100 year of BMW in pictures

BMW celebrated 100 years of production today and also crowed the event with Vision Next 100 Concept car. Still in the spirit of the celebration, Bloomberg takes a look at the company for the past 100 years. Continue to read below…

March 7, 2016 marks 100 years since the little company that became Bayerische Motoren Werke formed in Germany. It first built aircraft but quickly moved to making motorcycles and cars as the times (and the war) demanded. The famous blue and white logo that signifies the state colors of Bavaria arrived shortly afterward; so did that famous kidney grille and the professional racing wins. From the 2002 to the Z4 and beyond, the rest, as they say, is history.

The Early Years

Bayerische Flugzeugwerke AG was established on March 7, 1916, as the successor to aircraft manufacturer Gustav-Otto-Flugmaschinenfabrik. The lead office was at Lerchenauer Straße in Munich, Germany. By 1922, engine construction, the official company name, and the brand logo of Bayerische Motoren Werke AG were all transferred and combined into one company, which became the formal BMW AG consumers know and love today. 

 Taking Flight

In 1919, test pilot Zeno Diemer reached a world record altitude of 9,760 meters (32,021 feet) in his Deutsche Flugzeugwerke aircraft, which was powered by a BMW IV inline six-cylinder engine.

 The First BMW Motorcycle

Unveiled at the 1923 German Motor Show in Berlin, the R32 motorcycle was BMW's first production motorcycle. It featured a horizontally opposed twin-cylinder, four-stroke boxer engine.

 The First BMW Car

BMW started making cars in 1928 after taking over Fahrzeugfabrik Eisenach. The BMW 3/15 was the company's first offering; it was produced as a "Dixi" car between 1927 and 1929 and then as a BMW from July 1929 to March 1932. BMW gave up the manufacturing license soon afterward.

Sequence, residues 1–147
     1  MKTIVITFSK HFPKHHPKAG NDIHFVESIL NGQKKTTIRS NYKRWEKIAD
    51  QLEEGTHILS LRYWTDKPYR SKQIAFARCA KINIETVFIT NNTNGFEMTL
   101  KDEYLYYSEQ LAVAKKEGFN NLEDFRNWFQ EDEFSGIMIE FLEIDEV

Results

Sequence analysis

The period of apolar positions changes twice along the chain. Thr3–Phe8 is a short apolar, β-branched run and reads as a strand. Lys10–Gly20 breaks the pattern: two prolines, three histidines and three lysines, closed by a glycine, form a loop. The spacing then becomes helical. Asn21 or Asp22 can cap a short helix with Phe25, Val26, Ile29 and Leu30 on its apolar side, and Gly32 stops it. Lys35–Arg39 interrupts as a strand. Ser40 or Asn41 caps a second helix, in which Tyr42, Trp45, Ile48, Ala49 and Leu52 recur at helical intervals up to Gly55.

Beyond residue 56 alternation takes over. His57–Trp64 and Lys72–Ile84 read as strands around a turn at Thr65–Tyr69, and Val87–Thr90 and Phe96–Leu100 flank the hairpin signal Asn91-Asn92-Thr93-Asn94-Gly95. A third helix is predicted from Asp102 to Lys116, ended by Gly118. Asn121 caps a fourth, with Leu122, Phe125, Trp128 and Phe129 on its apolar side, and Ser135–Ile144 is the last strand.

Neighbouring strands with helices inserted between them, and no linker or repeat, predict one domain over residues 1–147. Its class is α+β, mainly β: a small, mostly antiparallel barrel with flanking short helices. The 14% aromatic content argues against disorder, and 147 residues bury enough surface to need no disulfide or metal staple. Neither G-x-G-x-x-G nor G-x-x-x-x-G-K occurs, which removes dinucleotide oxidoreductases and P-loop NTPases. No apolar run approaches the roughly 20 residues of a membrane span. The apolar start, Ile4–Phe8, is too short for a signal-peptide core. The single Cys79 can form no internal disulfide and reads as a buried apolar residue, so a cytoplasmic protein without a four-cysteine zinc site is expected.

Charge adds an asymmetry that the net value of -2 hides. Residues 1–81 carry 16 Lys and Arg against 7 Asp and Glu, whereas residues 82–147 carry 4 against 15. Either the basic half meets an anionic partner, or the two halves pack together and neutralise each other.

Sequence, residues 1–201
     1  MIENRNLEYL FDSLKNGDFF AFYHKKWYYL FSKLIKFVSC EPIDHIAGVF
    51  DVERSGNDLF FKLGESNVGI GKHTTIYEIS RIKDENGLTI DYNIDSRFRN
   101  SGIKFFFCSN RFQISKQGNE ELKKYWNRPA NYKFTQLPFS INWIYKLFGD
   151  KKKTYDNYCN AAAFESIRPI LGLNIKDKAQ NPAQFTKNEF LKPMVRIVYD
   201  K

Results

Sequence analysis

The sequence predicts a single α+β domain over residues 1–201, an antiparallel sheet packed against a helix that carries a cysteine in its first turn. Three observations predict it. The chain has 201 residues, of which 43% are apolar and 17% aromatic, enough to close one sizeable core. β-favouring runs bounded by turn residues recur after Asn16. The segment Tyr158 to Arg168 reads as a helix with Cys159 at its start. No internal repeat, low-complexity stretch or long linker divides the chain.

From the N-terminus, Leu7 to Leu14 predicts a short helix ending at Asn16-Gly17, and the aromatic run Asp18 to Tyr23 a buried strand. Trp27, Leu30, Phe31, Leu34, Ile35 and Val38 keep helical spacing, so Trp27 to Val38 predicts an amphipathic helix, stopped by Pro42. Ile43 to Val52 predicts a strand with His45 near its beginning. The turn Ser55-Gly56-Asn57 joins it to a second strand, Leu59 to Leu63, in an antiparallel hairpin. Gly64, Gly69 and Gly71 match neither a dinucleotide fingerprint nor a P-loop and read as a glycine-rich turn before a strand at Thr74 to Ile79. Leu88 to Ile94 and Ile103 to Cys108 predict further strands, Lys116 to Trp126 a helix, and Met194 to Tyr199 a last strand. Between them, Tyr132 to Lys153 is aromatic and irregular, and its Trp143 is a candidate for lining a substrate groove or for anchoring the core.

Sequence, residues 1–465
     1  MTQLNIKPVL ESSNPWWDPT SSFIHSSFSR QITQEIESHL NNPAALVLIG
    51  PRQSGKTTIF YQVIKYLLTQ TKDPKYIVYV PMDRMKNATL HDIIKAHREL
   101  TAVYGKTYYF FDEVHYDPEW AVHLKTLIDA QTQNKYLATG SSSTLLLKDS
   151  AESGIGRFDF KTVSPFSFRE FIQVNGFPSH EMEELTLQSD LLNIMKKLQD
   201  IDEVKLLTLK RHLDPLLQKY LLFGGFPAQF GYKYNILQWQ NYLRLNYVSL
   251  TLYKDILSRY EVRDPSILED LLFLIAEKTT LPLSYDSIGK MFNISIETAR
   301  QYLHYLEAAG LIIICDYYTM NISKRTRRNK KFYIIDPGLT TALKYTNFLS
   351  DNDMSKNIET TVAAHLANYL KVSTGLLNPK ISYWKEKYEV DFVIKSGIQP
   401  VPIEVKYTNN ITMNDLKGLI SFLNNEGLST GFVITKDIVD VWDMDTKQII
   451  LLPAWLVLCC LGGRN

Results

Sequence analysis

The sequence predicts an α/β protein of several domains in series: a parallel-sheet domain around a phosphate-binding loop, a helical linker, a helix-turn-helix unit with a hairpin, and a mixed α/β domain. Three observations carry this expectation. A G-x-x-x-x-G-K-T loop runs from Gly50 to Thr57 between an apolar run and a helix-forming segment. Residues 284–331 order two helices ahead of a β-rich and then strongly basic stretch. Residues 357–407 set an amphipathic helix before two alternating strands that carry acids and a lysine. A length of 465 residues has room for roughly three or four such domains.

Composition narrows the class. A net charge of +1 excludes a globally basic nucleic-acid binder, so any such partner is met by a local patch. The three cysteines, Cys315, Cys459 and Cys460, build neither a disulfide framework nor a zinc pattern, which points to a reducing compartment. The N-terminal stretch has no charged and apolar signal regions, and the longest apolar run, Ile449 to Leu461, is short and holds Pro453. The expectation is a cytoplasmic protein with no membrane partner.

The BMW 303

BMW made the 303 coupe from 1933 to 1934. It was the first BMW with the now-famous kidney-shaped grille that is synonymous with the marque. 

 The Land Speed Record

BMW has a long history of racing and speed records. In 1937, BMW driver Ernst Henne set a world land speed record of 279.503 kph (173.6 mph) in a BMW one-off car. 

Le Mans, 1939

The four-speed manual BMW 328 had only 80hp, and it averaged around 80 mph during racing laps, but in 1939 it placed first in class at the 24 Hours of Le Mans, which was considered a triumph and engineering and aerodynamic design for the German manufacturer at the time.

The 501

BMW made the 501 "luxury saloon" between 1952 and 1958. It was the first car BMW produced after WWII. It was beautiful, but it wasn't fast. The four-speed cruiser had a heavy steel body that took 27 seconds to hit 62 mph. Top speed was 84 mph.

 The Isetta

BMW debuted the famous little Isetta in 1955. The car, which had a single door that opened from the front, ran on a four-stroke single-cylinder engine. The car was designed by an Italian agency and could get 78 miles per single gallon of gas. 

The King of Cool

Elvis Presley famously owned a second-hand white BMW 507. According to the dealer, Presley paid $3,750 for it in 1958 (approximately $31,000 today) after the German racing star Hans Stuck had finished with it. 

 New Class

In 1961 came the BMW 1500, the first model in the ‘New Class’ line of sporty mid-range saloons.

 The 1973 BMW R90S

BMW commissioned Hans Muth to design the R90S, the flagship form of the boxer-engined "/6" range. With a sporty two-tone paint job and novel styling, the bike was intended to make BMW motorcycles seem younger and more fun.